Cariban


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Car·i·ban

 (kăr′ə-bən, kə-rē′bən)
n. pl. Cariban or Cari·bans
1. Variant of Carib..
2. A language family comprising the Carib languages.

Car′i·ban adj.
American Heritage® Dictionary of the English Language, Fifth Edition. Copyright © 2016 by Houghton Mifflin Harcourt Publishing Company. Published by Houghton Mifflin Harcourt Publishing Company. All rights reserved.

Ca•ri•ban

(ˈkær ə bən, kəˈri-)
n.
a family of American Indian languages, many now extinct or moribund, concentrated in the Guiana region of South America, with lesser representation in E Venezuela, Colombia, and Brazil S of the Amazon.
Random House Kernerman Webster's College Dictionary, © 2010 K Dictionaries Ltd. Copyright 2005, 1997, 1991 by Random House, Inc. All rights reserved.
References in periodicals archive ?
Most speak Kali'na, a member of the Cariban family of languages, although some of the youngest generation have ceased to do so.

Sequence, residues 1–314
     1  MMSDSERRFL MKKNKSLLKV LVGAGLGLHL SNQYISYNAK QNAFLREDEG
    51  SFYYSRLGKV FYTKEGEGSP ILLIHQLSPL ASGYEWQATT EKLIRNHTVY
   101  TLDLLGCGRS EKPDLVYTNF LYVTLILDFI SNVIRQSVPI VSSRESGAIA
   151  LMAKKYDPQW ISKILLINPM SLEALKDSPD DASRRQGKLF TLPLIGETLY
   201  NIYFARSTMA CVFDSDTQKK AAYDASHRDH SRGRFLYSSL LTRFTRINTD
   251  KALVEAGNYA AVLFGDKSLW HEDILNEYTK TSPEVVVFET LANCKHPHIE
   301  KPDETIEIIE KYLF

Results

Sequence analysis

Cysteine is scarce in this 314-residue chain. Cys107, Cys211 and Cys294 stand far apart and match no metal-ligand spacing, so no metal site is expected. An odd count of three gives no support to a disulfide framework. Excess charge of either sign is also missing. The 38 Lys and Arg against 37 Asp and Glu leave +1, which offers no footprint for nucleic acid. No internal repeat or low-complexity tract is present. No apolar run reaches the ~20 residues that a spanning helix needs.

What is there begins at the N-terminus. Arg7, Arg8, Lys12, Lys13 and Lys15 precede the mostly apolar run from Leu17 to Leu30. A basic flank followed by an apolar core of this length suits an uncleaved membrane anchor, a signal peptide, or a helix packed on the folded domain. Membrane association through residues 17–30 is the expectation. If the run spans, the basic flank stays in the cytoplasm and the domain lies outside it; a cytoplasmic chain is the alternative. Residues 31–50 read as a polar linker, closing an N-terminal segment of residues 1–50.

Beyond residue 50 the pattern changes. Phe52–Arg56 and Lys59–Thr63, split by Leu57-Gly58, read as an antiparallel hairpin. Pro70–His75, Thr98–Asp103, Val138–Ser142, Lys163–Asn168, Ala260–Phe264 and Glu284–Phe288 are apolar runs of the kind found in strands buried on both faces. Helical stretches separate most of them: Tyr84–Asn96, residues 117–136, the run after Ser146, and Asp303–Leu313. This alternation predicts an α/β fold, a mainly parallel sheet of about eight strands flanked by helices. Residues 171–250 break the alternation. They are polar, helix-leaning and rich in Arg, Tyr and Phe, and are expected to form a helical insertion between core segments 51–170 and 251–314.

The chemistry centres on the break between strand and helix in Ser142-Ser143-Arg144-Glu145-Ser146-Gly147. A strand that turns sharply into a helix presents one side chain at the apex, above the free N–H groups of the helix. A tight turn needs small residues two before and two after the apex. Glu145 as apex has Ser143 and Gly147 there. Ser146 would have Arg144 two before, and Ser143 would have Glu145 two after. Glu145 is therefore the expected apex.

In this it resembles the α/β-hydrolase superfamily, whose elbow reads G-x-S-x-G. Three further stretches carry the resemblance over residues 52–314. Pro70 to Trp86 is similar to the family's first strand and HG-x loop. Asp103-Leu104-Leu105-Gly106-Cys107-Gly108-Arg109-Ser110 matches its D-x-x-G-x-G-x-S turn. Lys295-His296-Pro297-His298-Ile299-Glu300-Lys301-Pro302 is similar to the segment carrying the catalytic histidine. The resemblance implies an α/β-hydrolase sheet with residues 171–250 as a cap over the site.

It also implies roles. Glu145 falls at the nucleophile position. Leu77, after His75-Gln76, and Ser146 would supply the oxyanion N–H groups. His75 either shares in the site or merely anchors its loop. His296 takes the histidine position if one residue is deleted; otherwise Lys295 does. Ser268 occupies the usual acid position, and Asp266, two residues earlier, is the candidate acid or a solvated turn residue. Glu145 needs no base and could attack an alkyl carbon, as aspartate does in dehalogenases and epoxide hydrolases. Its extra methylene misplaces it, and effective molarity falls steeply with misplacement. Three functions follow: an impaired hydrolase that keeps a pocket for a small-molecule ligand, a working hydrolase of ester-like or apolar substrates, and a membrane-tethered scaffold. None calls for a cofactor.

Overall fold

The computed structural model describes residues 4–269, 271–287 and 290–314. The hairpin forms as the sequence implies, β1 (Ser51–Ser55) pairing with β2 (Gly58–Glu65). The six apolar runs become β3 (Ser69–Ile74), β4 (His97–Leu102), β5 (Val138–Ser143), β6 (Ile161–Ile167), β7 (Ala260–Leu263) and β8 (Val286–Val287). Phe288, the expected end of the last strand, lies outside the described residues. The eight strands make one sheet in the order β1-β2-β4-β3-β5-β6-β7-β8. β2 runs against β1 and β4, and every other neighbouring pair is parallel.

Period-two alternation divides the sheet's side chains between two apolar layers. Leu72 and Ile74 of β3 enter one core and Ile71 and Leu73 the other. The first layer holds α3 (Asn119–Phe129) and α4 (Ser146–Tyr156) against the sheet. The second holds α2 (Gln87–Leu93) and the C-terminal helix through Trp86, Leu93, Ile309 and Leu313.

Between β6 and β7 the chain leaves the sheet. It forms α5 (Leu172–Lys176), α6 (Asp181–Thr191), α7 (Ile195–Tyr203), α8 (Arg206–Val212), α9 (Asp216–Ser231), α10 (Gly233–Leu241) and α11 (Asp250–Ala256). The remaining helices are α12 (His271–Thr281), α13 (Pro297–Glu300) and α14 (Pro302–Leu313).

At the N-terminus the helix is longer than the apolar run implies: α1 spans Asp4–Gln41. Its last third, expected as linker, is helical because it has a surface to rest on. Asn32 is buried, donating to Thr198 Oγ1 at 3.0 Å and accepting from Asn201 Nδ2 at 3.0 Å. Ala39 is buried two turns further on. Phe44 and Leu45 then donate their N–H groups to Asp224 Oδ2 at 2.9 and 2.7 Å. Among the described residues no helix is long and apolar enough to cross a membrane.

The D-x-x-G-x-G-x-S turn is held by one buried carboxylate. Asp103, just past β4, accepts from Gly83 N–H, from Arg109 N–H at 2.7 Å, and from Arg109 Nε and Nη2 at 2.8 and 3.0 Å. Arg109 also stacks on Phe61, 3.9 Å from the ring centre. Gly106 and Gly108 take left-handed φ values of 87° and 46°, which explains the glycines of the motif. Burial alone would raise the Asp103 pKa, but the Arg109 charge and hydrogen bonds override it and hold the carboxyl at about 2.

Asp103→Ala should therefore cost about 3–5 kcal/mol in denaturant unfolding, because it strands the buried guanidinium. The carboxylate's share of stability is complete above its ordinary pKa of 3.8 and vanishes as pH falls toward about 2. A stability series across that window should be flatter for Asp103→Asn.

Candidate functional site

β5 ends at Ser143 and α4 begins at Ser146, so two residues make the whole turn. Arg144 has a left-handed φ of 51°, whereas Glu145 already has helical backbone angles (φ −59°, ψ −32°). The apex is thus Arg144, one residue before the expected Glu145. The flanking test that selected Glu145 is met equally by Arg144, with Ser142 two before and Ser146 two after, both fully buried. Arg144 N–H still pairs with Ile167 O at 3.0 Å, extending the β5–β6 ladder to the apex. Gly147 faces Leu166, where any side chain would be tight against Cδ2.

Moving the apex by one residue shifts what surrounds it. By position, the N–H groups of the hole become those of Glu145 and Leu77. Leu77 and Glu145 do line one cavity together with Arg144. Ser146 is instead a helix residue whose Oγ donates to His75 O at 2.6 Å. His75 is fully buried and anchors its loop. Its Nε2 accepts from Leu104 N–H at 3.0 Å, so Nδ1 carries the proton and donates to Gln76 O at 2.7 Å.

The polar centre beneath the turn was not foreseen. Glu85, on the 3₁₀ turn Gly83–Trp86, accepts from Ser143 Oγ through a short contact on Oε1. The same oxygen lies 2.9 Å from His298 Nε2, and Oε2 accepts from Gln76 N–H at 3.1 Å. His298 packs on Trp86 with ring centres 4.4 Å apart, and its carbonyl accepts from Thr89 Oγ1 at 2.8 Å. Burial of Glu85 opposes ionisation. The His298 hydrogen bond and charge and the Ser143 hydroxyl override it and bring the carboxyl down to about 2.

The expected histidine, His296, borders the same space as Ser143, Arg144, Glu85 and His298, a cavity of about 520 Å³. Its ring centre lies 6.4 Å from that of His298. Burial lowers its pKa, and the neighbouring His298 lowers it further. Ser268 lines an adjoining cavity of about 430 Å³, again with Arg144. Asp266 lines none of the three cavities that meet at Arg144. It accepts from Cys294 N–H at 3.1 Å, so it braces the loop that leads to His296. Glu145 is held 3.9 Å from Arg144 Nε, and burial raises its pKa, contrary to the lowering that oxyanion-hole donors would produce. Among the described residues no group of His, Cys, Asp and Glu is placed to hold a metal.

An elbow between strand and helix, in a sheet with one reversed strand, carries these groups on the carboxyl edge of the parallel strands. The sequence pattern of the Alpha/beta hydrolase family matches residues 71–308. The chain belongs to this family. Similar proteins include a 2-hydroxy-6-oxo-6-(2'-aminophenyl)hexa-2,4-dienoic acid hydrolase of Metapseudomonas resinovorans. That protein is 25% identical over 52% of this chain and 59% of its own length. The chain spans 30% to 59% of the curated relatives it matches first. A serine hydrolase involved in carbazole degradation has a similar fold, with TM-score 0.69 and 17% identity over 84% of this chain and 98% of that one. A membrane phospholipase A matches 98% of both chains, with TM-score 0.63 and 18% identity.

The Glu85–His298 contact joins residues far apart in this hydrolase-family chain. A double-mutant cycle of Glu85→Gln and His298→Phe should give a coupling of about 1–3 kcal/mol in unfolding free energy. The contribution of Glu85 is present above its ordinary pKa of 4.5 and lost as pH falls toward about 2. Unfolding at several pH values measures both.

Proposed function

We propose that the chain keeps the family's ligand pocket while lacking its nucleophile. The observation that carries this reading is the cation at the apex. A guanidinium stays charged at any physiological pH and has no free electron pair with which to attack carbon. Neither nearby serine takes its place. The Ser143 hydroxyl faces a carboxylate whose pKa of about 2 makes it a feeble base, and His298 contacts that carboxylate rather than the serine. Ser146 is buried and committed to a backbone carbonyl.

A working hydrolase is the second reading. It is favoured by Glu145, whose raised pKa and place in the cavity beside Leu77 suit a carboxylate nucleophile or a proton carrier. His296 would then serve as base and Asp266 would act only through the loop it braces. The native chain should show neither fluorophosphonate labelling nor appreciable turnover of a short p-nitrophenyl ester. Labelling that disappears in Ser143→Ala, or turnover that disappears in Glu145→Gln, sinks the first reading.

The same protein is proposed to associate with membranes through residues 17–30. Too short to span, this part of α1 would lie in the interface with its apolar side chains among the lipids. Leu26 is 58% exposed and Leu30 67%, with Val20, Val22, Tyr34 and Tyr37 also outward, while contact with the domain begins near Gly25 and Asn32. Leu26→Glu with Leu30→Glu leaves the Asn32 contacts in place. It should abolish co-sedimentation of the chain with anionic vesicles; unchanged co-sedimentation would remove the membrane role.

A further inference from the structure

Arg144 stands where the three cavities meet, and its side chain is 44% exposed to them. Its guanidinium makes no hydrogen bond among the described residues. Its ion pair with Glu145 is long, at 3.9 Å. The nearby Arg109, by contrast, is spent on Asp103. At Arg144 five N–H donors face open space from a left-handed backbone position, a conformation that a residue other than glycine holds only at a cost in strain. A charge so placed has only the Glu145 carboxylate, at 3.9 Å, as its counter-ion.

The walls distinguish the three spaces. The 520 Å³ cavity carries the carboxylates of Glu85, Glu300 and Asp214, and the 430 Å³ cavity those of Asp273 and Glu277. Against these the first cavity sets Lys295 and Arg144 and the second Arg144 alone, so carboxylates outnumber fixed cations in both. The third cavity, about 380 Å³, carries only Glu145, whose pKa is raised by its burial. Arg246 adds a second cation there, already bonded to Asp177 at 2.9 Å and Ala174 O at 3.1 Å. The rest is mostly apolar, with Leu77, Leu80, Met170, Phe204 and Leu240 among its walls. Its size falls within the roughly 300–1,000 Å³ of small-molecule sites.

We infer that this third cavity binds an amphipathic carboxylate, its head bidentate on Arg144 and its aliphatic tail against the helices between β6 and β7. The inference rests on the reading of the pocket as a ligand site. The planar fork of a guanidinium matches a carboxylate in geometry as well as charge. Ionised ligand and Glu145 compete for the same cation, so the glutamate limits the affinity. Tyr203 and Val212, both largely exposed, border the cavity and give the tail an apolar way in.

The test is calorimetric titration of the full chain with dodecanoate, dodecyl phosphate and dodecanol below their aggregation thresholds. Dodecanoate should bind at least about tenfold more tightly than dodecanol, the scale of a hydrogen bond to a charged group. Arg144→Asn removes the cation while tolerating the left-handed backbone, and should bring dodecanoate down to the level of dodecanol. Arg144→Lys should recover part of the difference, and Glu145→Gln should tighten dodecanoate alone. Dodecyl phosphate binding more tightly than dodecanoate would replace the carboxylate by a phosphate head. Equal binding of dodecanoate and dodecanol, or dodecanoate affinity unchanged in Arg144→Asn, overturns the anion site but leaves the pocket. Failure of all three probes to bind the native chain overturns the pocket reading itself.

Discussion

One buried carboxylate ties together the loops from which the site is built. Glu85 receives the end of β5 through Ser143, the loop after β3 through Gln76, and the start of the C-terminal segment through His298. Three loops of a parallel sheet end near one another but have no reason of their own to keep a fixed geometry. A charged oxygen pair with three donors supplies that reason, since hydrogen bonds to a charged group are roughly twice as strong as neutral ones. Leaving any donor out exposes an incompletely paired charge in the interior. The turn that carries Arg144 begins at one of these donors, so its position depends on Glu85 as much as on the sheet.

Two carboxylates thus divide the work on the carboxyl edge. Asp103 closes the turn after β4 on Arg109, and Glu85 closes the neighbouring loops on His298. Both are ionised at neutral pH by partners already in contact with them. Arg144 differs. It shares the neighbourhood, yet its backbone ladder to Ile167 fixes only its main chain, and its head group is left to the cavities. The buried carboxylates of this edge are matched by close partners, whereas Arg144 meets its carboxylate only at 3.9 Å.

The editors provide a scholarly introduction to the Arawakan and Cariban peoples the Europeans encountered, as the two unequal parties engaged in a century-long process of feeling each other out, before the Europeans finally arrived in force during the mid-seventeenth century, changing this part of the world forever.
A typological grammar of Panare; a Cariban language of Venezuela.
These groups have been classified (2) into five linguistic families: Tukanoan (represented by the Eastern Tukanoan subfamily), Guahiban, Arawakan, KakuaNukak and Cariban. These ethnic groups are found scattered throughout both the Vaupes and Guaviare departments, East Tukanoan groups being the most widely distributed in the Vaupes, while in the Guaviare highlights predominates the presence of Guahibos, with some presence of Eastern Tukanoans whom in recent years have migrated from the Vaupes.